Ross v. ManciniAnnotate this Case
76 A.2d 540 (1950)
ROSS v. MANCINI.
Supreme Judicial Court of Maine.
November 8, 1950.
John M. Curley, Portland, for plaintiff.
Raymond S. Oakes, Portland, for defendant.
Before MURCHIE, C. J., and THAXTER, FELLOWS, MERRILL, NULTY and WILLIAMSON, JJ.
This action of contract was tried before a jury who found for the plaintiff. The plaintiff declared on an oral contract. There was a plea of the general issue with a brief statement setting up the statute of frauds. The statute of frauds as a defense was later abandoned and the presiding justice charged the jury without exception by the defendant that they were not to concern themselves with it. The only issues according to the court were whether an oral contract was made as claimed by the plaintiff and whether the defendant was guilty of a breach of it. The jury found for the plaintiff and assessed damages in the sum of $1,340; and the case is before this court on the defendant's general motion for a new trial.
The declaration sets forth that the defendant on May 16, 1947 agreed to sell to the plaintiff and the plaintiff agreed to buy of the defendant a dump truck for the sum of $2,000. Nothing appears to have been said as to when or how payment would be made but the plaintiff claims that the defendant in consideration of the plaintiff's purchase of the truck promised to engage the plaintiff in gainful employment with his truck in preference to any other person until the plaintiff fulfilled obligations assumed by him in financing the purchase price. It is alleged that the plaintiff did purchase said truck and the defendant did engage the plaintiff in gainful employment until February 2, 1948 when the defendant without justifiable cause refused to continue the plaintiff's employment and employed another in his stead so that the plaintiff was unable to fulfill his obligation to pay for the truck and by reason thereof suffered loss. As expressed in Restatement, Contracts, Sec. 32:
"An offer must be so definite in its terms or require such definite terms in the acceptance that the promises and performances to be rendered by each party are reasonably certain."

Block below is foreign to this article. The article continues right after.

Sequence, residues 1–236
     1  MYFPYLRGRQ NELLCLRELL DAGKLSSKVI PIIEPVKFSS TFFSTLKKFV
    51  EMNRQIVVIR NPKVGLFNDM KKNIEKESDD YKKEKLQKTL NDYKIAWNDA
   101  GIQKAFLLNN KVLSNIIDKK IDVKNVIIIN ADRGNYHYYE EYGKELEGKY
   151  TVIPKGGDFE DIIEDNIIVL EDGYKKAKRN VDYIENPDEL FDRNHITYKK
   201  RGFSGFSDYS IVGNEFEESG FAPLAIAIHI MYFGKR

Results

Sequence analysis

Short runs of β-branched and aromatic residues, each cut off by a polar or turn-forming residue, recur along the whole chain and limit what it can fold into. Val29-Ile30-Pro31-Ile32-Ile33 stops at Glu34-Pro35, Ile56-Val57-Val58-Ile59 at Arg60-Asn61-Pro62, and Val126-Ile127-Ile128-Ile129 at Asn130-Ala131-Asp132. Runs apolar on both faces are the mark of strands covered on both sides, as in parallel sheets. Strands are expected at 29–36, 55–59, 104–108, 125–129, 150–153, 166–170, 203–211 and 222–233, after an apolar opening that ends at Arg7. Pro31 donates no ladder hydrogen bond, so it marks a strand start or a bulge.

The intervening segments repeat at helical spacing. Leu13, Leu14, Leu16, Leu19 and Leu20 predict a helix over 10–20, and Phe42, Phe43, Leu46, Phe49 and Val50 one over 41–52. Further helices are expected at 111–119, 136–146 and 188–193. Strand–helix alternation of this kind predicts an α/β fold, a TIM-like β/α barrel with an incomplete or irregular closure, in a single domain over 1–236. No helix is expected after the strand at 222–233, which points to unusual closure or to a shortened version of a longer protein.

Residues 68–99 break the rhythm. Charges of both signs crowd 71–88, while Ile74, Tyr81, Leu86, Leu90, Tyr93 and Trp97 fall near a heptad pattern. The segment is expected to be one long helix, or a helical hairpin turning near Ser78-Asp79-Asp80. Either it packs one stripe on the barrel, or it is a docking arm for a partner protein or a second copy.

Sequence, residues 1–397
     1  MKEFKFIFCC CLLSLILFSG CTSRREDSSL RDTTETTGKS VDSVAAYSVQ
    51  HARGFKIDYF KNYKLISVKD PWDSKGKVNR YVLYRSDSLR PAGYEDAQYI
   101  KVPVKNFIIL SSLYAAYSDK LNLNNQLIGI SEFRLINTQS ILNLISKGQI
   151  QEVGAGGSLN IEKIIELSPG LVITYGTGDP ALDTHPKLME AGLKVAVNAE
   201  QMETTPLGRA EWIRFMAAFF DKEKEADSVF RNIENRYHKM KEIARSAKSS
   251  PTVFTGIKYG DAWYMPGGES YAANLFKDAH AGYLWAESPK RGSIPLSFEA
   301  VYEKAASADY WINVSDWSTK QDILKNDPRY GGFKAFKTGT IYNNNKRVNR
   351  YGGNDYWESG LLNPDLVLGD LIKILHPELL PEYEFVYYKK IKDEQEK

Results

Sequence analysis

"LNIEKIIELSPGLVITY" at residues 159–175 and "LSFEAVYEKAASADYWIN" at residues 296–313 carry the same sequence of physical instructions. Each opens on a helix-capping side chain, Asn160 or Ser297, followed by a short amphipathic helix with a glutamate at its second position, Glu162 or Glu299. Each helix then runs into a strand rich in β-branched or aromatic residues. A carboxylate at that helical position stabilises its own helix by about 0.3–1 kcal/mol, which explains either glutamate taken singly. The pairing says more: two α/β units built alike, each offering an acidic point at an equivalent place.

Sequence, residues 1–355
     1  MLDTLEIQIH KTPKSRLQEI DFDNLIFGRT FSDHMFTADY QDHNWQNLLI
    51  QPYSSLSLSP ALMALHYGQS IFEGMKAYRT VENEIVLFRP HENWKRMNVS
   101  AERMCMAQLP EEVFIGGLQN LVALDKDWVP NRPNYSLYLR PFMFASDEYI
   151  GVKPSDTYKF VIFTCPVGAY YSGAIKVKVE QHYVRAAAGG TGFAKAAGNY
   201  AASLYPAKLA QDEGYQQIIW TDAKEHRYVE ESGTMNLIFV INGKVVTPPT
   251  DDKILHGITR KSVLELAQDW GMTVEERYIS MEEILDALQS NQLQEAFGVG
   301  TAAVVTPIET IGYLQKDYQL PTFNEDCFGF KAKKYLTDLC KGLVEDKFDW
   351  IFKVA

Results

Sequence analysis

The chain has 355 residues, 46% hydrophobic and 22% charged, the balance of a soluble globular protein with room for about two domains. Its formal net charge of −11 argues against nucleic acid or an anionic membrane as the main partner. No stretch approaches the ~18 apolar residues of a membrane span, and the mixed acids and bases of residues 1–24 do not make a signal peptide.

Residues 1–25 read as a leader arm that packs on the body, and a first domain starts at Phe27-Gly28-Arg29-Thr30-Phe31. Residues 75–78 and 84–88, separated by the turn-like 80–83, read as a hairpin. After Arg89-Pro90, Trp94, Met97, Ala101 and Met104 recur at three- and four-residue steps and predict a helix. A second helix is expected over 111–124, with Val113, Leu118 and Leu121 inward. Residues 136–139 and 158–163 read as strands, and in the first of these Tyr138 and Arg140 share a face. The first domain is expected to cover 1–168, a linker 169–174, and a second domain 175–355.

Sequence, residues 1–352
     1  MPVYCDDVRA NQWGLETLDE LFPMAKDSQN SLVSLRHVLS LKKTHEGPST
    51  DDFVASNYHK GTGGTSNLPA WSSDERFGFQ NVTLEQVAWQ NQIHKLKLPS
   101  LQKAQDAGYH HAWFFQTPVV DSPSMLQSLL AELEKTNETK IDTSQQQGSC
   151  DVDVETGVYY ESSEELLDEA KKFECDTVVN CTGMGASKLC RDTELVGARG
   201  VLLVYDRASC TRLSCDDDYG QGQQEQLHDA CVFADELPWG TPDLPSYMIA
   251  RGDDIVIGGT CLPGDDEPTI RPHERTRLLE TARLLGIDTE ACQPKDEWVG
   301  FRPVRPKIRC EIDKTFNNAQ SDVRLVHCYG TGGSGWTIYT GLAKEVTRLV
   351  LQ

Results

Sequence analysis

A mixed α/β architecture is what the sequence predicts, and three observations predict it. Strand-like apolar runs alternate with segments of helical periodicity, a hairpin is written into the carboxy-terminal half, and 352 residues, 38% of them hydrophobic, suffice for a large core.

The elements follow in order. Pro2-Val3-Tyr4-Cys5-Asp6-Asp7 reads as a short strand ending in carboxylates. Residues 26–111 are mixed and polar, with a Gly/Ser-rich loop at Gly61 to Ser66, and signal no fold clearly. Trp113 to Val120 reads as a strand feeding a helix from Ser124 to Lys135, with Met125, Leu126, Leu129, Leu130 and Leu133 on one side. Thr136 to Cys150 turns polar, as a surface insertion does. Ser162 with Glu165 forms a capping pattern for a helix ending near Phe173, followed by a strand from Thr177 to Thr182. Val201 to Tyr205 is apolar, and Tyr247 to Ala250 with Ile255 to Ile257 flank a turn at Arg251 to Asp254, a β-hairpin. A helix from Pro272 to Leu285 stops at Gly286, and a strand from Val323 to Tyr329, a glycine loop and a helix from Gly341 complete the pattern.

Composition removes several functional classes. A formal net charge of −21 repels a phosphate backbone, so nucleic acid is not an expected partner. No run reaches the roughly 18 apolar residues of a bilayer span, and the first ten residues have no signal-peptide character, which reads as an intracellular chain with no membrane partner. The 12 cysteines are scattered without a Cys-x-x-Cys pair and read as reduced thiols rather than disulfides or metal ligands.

Then follows this comment:
"Inasmuch as the law of contracts deals only with duties defined by the expressions of the parties, the rule stated in the Section is one of necessity as well as of law. The law cannot subject a person to a contractual duty or give another a contractual right unless the character thereof is *541 fixed by the agreement of the parties. A statement by A that he will pay B what A chooses is no promise. A promise by A to give B employment is not wholly illusory, but if neither the character of the employment nor the compensation therefore is stated, the promise is so indefinite that the law cannot enforce it, even if consideration is given for it."
See to the same general effect: Williston, Contracts, Sec. 37; 12 Am.Jur., Contracts, Sec. 64.
In the case before us there was no time set during which the employment was to continue and there is no evidence at all that it was to continue as alleged in the declaration until the plaintiff was able to pay for the balance due on the truck out of its earnings. The actual purchase was made May 19, 1947. The plaintiff paid $700 down and financed the balance, which with charges amounted to $1,581.60 from a finance company. Payments were to be made at the rate of $105.44 a month. February 2, 1948 the defendant ended the employment of the plaintiff and subsequently the finance company repossessed the truck which was sold for $200. The difference between this resale price and the balance owed the finance company is almost exactly the amount of the verdict.
It is true that the defendant did tell the plaintiff that he would have enough from the earnings of the truck to meet his payments on it but there was no assurance of any definite sum of money. For nine months the amounts that the defendant paid the plaintiff were substantial, approximately $4,500. The most probable reason for the default to the finance company was that the plaintiff did not give due consideration to his living expenses and outside obligations. We cannot see where the defendant was in any way responsible for such default. His conversation with the plaintiff as to what the truck would earn was of the vaguest kind. It was never intended to be anything more than an expression of hope or expectation. The defendant never contemplated an agreement of continuing employment until the truck was paid for. The terms of this alleged contract are too vague and indefinite to be enforcible. They answer the description of Judge Holmes of a somewhat similar claimed agreement. "On the face of it, it does not import a legally binding promise, but rather a hopeful encouragement, sounding only in prophecy. We cannot discover an actionable contract". Hall v. First National Bank, 173 Mass. 16, 19, 53 N.E. 154, 155. Neither is the contract in the instant case an actionable one.
New trial granted.